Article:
Their rates are usually lower than those of executive offices, and although they might not present exactly the same image as an executive suit, they are most definitely a step up from a coffee shop table.

Here is a story about an Out of Office worker who chose the co-working space to keep him motivated and sane:

  • I finished graduate school and moved back home to the U.S. in 2010. My plan was to start my own business. I have a background in programming and online marketing and started my first online business at age 16. So this didn’t feel unusual. What was unusual was that I was no longer in school. This difference didn’t seem like much, but I quickly realized I wasn’t being productive after a couple months. Days seemed to disappear.
  • It was hard to get work done with an infinite supply of distractions and no peer group or structure to stop me. I was a mess.
  • I was lucky enough to recognize it. I tried a lot of different things to spark my productivity. Nothing that kept me at home worked. Four months later I joined Affinity Lab, Washington D.C.’s oldest co-working space. Suddenly, I was in an environment full of other entrepreneurs being productive. It also gave me a social group, which I desperately lacked after moving to a city with very few friends. It got me started and has sustained me for the past 19 months. I built my startup, Review Signal(.com), which I built and launched (last week!) during my tenure at the co-working space. I would have never managed without getting back into an office environment. I don’t need a boss, but I need colleagues for social and professional reasons. Having access to 60+ other companies who have faced similar challenges and help each other was the difference between giving up and wasting my time and being productive and launching a product. Getting back into the office environment has kept me sane and even made me happy living in Washington, D.C. again.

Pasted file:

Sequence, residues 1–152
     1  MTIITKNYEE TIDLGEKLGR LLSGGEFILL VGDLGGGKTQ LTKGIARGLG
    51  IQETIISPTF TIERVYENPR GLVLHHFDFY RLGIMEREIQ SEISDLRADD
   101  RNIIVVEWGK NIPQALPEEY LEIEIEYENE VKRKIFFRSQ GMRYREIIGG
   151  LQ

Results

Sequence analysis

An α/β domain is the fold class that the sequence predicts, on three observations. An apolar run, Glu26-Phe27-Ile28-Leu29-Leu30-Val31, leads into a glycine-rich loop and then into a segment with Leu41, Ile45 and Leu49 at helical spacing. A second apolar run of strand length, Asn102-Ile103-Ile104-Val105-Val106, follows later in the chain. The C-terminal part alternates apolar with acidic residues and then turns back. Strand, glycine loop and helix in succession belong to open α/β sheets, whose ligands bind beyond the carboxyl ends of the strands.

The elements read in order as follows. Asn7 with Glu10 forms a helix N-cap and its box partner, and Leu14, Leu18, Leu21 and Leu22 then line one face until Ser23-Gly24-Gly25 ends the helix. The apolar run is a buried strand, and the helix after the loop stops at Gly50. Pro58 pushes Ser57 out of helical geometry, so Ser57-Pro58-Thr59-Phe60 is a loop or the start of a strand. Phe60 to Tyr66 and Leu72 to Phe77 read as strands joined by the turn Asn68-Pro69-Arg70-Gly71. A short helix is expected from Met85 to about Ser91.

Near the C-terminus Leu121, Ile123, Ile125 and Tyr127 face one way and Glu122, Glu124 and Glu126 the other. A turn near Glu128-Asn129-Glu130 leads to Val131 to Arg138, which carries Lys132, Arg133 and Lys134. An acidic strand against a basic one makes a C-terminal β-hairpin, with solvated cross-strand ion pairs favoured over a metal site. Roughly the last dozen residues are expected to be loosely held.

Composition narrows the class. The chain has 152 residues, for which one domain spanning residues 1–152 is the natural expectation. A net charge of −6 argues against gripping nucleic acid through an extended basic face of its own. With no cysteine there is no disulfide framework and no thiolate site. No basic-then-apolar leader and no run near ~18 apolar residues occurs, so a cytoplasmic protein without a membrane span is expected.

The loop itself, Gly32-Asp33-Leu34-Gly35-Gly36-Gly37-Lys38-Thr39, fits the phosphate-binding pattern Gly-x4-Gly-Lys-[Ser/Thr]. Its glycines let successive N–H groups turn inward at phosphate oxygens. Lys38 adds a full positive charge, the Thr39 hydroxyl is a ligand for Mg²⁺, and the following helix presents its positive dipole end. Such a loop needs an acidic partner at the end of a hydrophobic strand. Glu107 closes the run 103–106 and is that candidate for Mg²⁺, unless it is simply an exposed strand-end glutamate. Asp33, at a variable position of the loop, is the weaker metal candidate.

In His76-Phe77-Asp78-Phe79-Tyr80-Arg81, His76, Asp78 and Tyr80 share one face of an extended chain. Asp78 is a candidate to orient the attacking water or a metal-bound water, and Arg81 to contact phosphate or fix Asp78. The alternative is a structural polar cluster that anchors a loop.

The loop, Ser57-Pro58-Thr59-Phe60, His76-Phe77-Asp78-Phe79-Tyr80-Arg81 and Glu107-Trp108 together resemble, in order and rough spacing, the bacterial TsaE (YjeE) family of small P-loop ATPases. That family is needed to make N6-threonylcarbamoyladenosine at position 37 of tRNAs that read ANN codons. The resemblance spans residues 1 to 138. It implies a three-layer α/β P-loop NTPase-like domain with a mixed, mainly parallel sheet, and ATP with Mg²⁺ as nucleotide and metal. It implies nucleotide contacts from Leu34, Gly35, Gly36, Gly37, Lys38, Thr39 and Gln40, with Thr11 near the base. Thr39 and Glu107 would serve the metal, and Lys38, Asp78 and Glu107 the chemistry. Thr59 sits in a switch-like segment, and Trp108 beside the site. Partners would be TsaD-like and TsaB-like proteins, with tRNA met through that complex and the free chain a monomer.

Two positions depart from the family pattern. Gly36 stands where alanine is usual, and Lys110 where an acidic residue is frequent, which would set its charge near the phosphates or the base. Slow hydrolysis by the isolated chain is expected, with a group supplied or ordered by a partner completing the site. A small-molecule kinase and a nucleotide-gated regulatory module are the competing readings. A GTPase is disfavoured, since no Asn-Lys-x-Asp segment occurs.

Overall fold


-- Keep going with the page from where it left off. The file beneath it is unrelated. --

That need for like-minded individuals—to be around those who at the very least share an understanding of what it is like to be facing challenges alone or with only a couple of other people for support—is why co-working spaces are so popular, especially with new entrepreneurs who have yet to build out a team but still need the proximity of others. For employees of larger organizations, co-working spaces can also provide the social setting that they may be missing; however, the infrastructure/security concerns can outweigh the social benefits.

Hotels often have conference rooms as well as meeting rooms that are available for hire for short periods, especially during the week when they aren’t being used for conferences or weddings. Although having someone meet you at a hotel might seem awkward, the environment can actually lend itself well to a different kind of professional experience. If you go with a more upmarket hotel, then the furnishing and fittings will certainly be of a higher level than you would find in all except the most formal and expensive of office spaces. Hotels have the advantage over other office spaces of also being able to offer catering services. So if your meeting is going to be timed around lunch, but a restaurant isn’t appropriate, why not have lunch catered in the conference room?

Far from being an odd place, the hotel setting can actually enable you to step up your presentation and increase the perceived value of your business, if you think creatively.

Of course, if these elements are outside your budget, or simply don’t exist in your locale, then a formal office might be your only resort, and again that is a major consideration to take into account before committing to the Out of Office work style.